The laws involved are the Bush tax cuts and the Budget Control Act of 2011. The Bush tax cuts or Tax Relief, Unemployment Insurance Reauthorization, and Job Creation Act of 2010 is an act centered on the two-year extension of the Economic Growth and Tax Relief Reconciliation Act of 2011 provisions which was intended to delay the return of tax rates similar to the Clinton administration. It was passed by the United States Congress back in December 16,2010 and was signed as law by President Barack Obama a day after. It is scheduled to expire at the start of 2013 which would result to tax increases.
Meanwhile, the Budget Control Act of 2011 is a federal statute and was signed as a law by President Barack Obama on August 2,2011 which mainly focuses on debt ceiling and deficit reduction. It is also scheduled to expire almost the same time as the Bush tax cuts and would result to spending cuts.
The two effects would lead to a reduction in the budget deficit in 2013. The abrupt deficit would then lead then to an increased recession on the same year which would greatly damage its present economic recovery.
Money supply is basically the total amount of currency circulating in an economy at a specific time. It involves issued paper money, coins, and other liquid instruments such as funds on checking and savings accounts in the bank.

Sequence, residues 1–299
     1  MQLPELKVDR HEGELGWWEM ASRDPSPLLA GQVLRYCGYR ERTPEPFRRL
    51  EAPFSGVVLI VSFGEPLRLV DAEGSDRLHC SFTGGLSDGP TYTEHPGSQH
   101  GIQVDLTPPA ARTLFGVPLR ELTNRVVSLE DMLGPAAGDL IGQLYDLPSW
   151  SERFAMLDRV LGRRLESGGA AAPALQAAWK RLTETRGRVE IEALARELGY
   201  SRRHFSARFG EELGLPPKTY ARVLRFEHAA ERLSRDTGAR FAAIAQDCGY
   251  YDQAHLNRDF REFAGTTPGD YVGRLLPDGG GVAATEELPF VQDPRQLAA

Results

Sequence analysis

The value of Money supply is an important macroeconomic indicator because it may impact the economy through price level of goods and services, inflation, and the business cycle. The government or the central bank releases the information annually.
Analyst from both public and private sector carefully monitors it because of its possible effect on the economy. It is controlled through policies, born from careful analysis of economists, regarding interest rates and increase or decrease of the volume of money currently circulating the economy.
The increase of supply most probably lowers the interest rates thus attracting investments, generating jobs in the process, that would most probably land on the hands of the consumers. The more money in the hands of a consumer, the greater the urge to spend. Businesses would then react to this by increasing the rate of production which would walk hand-in-hand with the increase in the demand of labor.
The types of money and its value on the Money supply are categorized in “M”s:
M0 – is the total cash resource circulating the country.
M1 – All the tangible money, such as coins and currency, and the most liquid resources such as demand deposit and traveler’s cheques. M0 + checkable deposits.
M2 – The combination of the previous type and all time-related deposits; savings deposits, and non-institutional money-market funds. M1 + time deposits ( less than $100,000) and other highly liquid savings.
M3 – The broadest measurement of the money. It includes M2 plus time deposits exceeding $100,000, institutional money-market funds, short-terms repurchase agreements, and other larger liquid assets. M2 + large time deposits and deposits above $100,000.
M4 – the sum of all the preceding types.
The degree of importance of these indicators vary from country to country. There are countries like the United States that pay more attention to M2 while M3 outweighs the other types in most European countries. The Great Britain gives more significance to M4.